Our research area is experimental condensed matter physics. We study the electronic properties of strongly correlated materials. Systems of interest to us include high-T_c cuprates,
Fe-pnictides, cobaltates, manganites, ruthenates, and other transition-metal compounds. The behaviors of electrons in those materials and systems are usually described as “novel”, “unconventional”, “strange”.…. The complex interplay between charge, spin, lattice as well as orbital degrees of freedom makes those materials very challenging area in condensed matter physics. Other systems of interest to us over the years include organic charge-transfer salts and conducting polymers. The members in our group
work on different physical measurement techniques, including infrared and optical spectroscopy, specific heat, transport and magnetic measurements. They also devoted much effort to the growth of single crystals of fundamental interest to the condensed matter physics community by flux and optical floating-zone methods.
We work closely with colleagues in theoretical and experimental condensed matter physics at Institute of Theoretical Physics of CAS, Tsinghua University, University of Science and Technology of China and many other labs around the world. We interact with experts in other specialties in condensed matter physics and materials science.
Contribution to the development and
understanding of Fe-based superconductors at the early stage:
confirmed the superconductivity at 26 K in F-doped LaFeAsO shortly
after it was reported by Hosono’s group, did the first
comprehensive study on the physical properties of the novel
superconductors by performing magnto-transport and infrared
measurements, and posted the first paper on FeAs based
superconductors on the preprint server arXiv.org
(arXiv:0803.0128, later published in PRL 101, 057007 (2008)).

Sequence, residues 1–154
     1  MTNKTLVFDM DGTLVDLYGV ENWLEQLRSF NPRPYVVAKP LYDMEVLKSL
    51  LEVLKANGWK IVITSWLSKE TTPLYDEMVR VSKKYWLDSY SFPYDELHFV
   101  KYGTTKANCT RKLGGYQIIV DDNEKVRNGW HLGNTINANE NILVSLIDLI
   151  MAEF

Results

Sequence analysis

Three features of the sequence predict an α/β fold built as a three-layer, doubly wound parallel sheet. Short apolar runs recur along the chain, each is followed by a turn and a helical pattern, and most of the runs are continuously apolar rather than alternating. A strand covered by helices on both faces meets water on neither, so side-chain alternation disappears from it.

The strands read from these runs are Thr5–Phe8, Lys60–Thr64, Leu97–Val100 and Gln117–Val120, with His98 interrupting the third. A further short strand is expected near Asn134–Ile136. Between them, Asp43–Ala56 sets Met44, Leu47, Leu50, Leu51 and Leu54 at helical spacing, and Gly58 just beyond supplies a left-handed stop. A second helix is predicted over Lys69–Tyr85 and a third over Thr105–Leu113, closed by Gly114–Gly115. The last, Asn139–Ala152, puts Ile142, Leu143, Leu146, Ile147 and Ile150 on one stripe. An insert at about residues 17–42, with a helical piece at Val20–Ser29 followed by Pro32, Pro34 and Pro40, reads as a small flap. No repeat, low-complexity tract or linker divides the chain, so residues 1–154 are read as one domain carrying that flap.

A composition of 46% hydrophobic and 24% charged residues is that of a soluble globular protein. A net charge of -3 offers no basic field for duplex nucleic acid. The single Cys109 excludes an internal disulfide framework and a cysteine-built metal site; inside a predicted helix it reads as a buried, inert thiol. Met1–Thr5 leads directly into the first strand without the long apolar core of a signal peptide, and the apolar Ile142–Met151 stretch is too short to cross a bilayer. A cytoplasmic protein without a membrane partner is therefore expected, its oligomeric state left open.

The work, which was highlighted in Naure Asia Materials under the title:
Superconductors: Birth of the iron age, helped initiate the explosive research in this field.
We, together with our theoretical
colleagues, identified a
spin density wave (SDW) ordered state for the parent compound and
revealed a competing phenomenon between superconductivity and SDW
instability based on transport, optical measurement and first
(arXiv:0803.3426, published in EPL 83, 27006 (2008)), which was subsequently confirmed by
neutron scattering experiment. We promoted the
superconducting transition temperature to beyond 40 K by replacing
La with rare earth element Ce
(arXiv:0803.3790, published in PRL 101, 057007 (2008)), which is one of the first two
independent works on rare earth element substitutions.
The work was highlighted in Nature China under the title:
High-temperature superconductivity: Warmer than expected..
did the first optical spectroscopy study on single crystal samples
of parent compounds and revealed SDW gap formation on parts of the
Fermi surfaces accompanied by rather steep reductions in both
carrier scattering rate and Drude spectral weight (PRL 101,
257005 (2008)). The work
provides profound experimental evidence for the itinerant origin
of spin density wave order. We
also did the first optical spectroscopy study on single crystal
samples of superconducting compounds, identified a pairing gap
formation in optical conductivity spectrum with an s-wave pairing
lineshape, and revealed by spectral weight analysis the
fulfillment of the Ferrell-Glover-Tinkham sum rule at low energy
scale, which thus elucidates the significant difference between
the Fe pnictide and high-Tc cuprate superconductors
(PRL 101, 107004 (2008)).
A general description of our early contribution could be found in a
report entitled "Research progresses shed
light on superconductivity mechanism" in the CAS journal
《Bulletin of the Chinese Academy of Sciences》. More detailed
record could be found in a Chinese article by information
researchers from Wuhan Branch of National Science Library of CAS "Research
progress in synthesis of Fe-based superconducting materials"
published in 《科学通报》(Bulletin of Science).